Over the past few days I’ve been reading through Alfred A. Knopf 1915-2015: A Century of Publishing, a volume celebrating the legacy of one of the world’s most influential publishers. Knopf, now a division of Random House, has published twenty-five Nobel Prize winners and numerous Pullitzer Prize and National Book Award winners. What struck me, however, as I browsed through this volume, was the decline in literary quality in recent decades, a reflection, no doubt, of a general decline in literacy and a consequent decline in literary sensibility.
Authors published by Knopf in its first fifty years included Sigrid Undset, Knut Hamsun, Willa Cather, Hilaire Belloc, Maurice Baring, Thomas Mann, Wallace Stevens, T.S. Eliot, Robert Frost, and Walker Percy, to name but an illustrious few. Where, one wonders, are authors of this caliber to be found today? To be sure, they are few and far between, a dying breed, an endangered species. It is, therefore, always a delightful surprise to find something contemporary that is worth reading in the midst of the literary wasteland in which the discerning reader finds himself. One such contemporary author who is definitely worth reading is Natalia Sanmartin Fenollera, a young Madrid-based author whose debut novel, The Awakening of Miss Prim, has become a most surprising international bestseller.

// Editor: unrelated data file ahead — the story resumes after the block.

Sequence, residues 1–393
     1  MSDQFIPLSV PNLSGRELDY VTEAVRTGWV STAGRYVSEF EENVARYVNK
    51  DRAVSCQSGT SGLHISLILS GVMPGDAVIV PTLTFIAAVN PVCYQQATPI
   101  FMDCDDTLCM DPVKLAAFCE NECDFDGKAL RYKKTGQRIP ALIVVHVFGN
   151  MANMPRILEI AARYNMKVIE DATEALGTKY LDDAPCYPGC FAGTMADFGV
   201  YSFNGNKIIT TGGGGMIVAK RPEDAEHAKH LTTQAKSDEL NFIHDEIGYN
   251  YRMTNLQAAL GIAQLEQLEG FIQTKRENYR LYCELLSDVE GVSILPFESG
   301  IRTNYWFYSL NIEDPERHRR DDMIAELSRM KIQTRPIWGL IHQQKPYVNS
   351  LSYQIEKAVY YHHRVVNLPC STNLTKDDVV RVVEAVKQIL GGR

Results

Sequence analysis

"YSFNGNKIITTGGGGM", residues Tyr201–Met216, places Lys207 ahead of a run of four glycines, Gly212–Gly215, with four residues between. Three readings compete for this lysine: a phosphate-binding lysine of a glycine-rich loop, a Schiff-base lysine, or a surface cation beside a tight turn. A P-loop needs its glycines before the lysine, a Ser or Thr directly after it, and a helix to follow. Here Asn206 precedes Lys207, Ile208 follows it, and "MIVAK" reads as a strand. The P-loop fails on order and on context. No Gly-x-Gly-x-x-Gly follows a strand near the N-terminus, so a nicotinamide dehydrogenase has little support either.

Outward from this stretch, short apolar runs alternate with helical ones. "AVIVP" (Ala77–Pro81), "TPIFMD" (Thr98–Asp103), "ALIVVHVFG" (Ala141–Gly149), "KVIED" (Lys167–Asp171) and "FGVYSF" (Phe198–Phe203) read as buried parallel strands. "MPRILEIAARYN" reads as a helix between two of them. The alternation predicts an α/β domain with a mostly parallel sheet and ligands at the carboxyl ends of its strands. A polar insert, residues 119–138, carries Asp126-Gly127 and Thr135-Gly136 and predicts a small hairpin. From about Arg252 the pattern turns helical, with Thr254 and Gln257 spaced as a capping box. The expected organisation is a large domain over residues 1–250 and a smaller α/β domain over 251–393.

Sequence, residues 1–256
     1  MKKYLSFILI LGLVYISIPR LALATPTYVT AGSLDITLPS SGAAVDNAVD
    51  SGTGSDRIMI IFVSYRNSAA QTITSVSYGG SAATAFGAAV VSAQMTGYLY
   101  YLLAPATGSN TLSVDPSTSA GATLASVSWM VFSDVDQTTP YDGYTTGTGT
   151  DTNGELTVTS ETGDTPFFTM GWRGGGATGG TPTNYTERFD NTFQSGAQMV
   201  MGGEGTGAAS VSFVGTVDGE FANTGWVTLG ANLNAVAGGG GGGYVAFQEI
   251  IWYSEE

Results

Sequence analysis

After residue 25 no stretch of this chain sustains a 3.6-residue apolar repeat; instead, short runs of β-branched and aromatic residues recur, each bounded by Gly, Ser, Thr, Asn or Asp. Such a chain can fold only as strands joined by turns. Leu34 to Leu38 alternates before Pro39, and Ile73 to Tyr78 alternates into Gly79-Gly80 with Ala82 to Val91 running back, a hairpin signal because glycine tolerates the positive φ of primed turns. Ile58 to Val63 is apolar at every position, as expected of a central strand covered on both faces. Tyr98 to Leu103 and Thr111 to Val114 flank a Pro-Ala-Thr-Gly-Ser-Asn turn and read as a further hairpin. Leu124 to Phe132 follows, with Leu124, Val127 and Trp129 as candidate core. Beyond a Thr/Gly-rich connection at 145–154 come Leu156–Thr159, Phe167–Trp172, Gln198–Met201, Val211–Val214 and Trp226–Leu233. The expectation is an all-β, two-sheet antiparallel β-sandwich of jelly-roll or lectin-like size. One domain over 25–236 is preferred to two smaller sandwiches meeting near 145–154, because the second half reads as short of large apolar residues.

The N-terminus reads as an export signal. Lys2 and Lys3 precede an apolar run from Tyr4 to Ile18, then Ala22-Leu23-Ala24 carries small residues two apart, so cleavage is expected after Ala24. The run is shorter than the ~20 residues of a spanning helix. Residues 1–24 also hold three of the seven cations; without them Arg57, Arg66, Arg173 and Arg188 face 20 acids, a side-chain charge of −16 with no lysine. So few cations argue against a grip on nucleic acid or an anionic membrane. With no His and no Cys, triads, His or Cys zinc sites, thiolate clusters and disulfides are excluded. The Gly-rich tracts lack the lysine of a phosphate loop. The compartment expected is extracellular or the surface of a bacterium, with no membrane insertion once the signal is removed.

I was alerted to the existence of Fenollera’s novel when we published an interview with Miss Fenollera in the St. Austin Review, the cultural journal of which I am the editor. Intrigued and greatly impressed by Miss Fenollera’s eloquence and her evident love for all that is good, true, and beautiful in western civilization, I simply had to get my hands on the novel.